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Giants sweep the Diamondbacks with 9-6 win

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They got just enough from all facets of the game to pull it out.

MLB: San Francisco Giants at Arizona Diamondbacks Joe Camporeale-USA TODAY Sports

The Giants just swept the Diamondbacks in Arizona for the first time since September 2016. That season, the Giants won 9 out of 10 at Chase Field. They’re 4-2 there this season, and even though they won 9-6 today and 7-0 last night, none of the games have been easy.

Credit to the Diamondbacks for their tough lineup and tough pitching, but extra credit to the Giants for rising to the occasion. They’ve been especially bad on the road this year, coming into the series with a 16-26 record. They head off to Colorado 19-26, which isn’t spectacular by any stretch, but it looks a little bit better. You can certainly squint and see a scenario where they can end the season at or near .500 on the road.

If they can continue to get sturdy relief pitching and timely hitting like they did today, the squint requires no additional imagination. A solid road record will follow.

Cory Gearrin hasn’t been a reliable relief pitcher, but against a right-handed batter with the bases loaded in the 4th inning and the Giants clinging to a 4-3 lead, he did exactly what Bruce Bochy asked of him.

Okay, Brandon Belt made a beautiful play on a ball running on a fast infield. But he didn’t give up a home run or a shot into the gap.

Pierce Johnson followed Gearrin with two strong shutout innings. Bruce Bochy tempted fate by running him out there for a third inning, and within three pitches of the seventh inning, an 8-3 game was an 8-5 game. Still, in fairness to Johnson, since being recalled from Sacramenton on June 19, he’s pitched a total of 1 inning (two games). Wanting to save the bullpen as much as possible before heading to Coors Field was a sound decision, which I give a lot of credit for because it feels as though sound decision-making is in short supply!

But Johnson gave way to Sam Dyson, who’s shown that when it’s not the 9th inning, he’s borderline stupendous. Tony Watson only needed 7 pitches (6 strikes) to get through the 8th, and Will Smith struck out Jake Lamb on 4 pitches to end the game.

That was Mark Melancon’s first 9th inning in Arizona since Opening Day last season. If you recall, that did not go well, and it set the tone for an entire season that did not go well. He threw 15 pitches, allowed 3 hits and an earned run, and was the reason Will Smith had to close out the game in the first place.

Melancon last pitched on the 28th, so this wasn’t the result of fatigue and it’s doubtful it’s a sign of injury or pain in his repaired forearm. It’s one of his worst parks to pitch in, I think. So, yeah, not going to worry too much about Melancon or the bullpen in general. They’ve been the key ingredient in the Giants’ recent run of success. The offense was built to deliver and it has, but without a bullpen, offense doesn’t matter.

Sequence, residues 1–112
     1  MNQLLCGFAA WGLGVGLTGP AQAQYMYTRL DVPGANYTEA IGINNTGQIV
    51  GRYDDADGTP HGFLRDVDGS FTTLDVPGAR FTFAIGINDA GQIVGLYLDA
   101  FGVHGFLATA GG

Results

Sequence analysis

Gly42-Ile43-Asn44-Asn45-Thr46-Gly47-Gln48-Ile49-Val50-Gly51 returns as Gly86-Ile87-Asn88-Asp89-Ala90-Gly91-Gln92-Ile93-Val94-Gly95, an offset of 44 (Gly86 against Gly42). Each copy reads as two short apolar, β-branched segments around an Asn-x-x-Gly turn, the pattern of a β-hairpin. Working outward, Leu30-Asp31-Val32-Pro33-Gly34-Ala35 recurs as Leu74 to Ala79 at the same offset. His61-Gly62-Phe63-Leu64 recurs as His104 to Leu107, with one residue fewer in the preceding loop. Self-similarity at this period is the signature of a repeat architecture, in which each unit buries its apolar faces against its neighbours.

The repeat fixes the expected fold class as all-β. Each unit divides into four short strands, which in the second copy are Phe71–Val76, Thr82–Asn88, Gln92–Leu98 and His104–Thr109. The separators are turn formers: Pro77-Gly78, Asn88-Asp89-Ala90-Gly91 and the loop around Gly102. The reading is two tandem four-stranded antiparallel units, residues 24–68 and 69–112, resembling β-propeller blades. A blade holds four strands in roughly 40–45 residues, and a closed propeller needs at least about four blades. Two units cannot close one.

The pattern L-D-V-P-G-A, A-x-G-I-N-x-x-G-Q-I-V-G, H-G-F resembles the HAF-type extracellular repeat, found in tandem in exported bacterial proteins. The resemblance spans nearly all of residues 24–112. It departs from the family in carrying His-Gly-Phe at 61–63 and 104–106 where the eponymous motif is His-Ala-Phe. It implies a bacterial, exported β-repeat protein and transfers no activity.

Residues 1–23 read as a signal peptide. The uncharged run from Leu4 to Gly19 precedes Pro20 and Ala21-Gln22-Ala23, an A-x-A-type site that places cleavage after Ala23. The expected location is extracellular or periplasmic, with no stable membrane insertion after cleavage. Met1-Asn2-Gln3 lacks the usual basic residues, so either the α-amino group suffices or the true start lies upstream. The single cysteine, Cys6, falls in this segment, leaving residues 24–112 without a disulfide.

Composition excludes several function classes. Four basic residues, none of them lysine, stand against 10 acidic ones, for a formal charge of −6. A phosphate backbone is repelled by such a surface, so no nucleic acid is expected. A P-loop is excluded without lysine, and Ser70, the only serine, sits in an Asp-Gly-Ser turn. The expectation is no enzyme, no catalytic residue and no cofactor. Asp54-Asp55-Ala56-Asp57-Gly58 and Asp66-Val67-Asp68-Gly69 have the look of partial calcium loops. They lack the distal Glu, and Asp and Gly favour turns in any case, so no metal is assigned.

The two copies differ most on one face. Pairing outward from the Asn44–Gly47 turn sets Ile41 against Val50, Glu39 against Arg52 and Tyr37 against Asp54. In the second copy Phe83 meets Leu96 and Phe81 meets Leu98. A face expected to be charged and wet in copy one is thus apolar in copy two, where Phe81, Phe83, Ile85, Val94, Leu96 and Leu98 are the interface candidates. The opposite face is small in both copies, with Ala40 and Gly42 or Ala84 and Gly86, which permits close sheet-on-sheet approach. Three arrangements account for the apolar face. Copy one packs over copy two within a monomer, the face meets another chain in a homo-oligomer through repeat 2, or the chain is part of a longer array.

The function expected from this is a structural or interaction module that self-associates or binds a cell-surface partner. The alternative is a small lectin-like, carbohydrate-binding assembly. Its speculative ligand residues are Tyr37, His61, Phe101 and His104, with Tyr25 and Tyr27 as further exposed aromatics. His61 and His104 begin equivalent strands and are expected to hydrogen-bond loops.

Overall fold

Along those lines, I’m not going to worry about Derek Holland’s start, either. 7 hits, 4 walks, and 3 earned runs in 90 pitches over 3.2 innings is not ideal — the leadoff batter reached in every inning — it’s not even average; it’s actually bad. He had a three event sequence where he grounded into a double play to end the inning with a runner on third base, walked the leadoff hitter, and then gave up a double to have second and third with no outs.

But it only feels worse because it comes on the heels of back-to-back stellar starts by rookies right as a rotation roster crunch looms. If you remove that context from the equation, then this was basically what happens with a fifth starter. A string of quality followed by total disasters.

Well, it wasn’t a total disaster.

The Giants should absolutely field the best team possible and a rotation with Suarez, Rodriguez, and Cueto in it is unambiguously better than one with Suarez, Rodriguez, and Holland in it. But even if Holland moves to the bullpen and Suarez or Rodriguez takes his place — or even Samardzija — these kinds of starts will still happen. That’s what a backend of the rotation starter will give you: good stuff and bad stuff. The Giants always defer to experience, however, and I think you know they’ll presume Holland will give them fewer bad starts over the rest of the season than the rookies might.

But that’s an argument for later in the week. For today, Holland just didn’t have it, but the Giants were good enough to work through the mess.

Not only did Belt make two spectacular plays on defense (in addition to the grounder save in the 4th, he caught a screaming liner in the 9th), he reached base 5 times (a single, a double, and 3 walks) and drove in two runs. They hit 5 doubles as a team and were 8-for-21 with runners in scoring position, including 3 RBI with two outs.

Austin Slater gave the Giants the lead for good in the top of the 3rd inning when he cracked a sharp 2-out single through the hole between first and second on a 2-0 count and the bases loaded. Every Giant save Andrew McCutchen (who went 0-for-6 with 3 strikeouts) had great at bats and looked like the best versions of themselves.

We just spent a week McDeeping Diving on Hunter Pence, and earlier today did a post about his 23-game hit streak back in 2011. His pinch hit 2-RBI double in the top of the 5th would’ve fit in nicely with the montage in that post:


The Giants are 45-40. They have 5 more wins than losses for the first time this season and their best win-loss separation since the end of 2016. It’s okay to imagine the possibilities.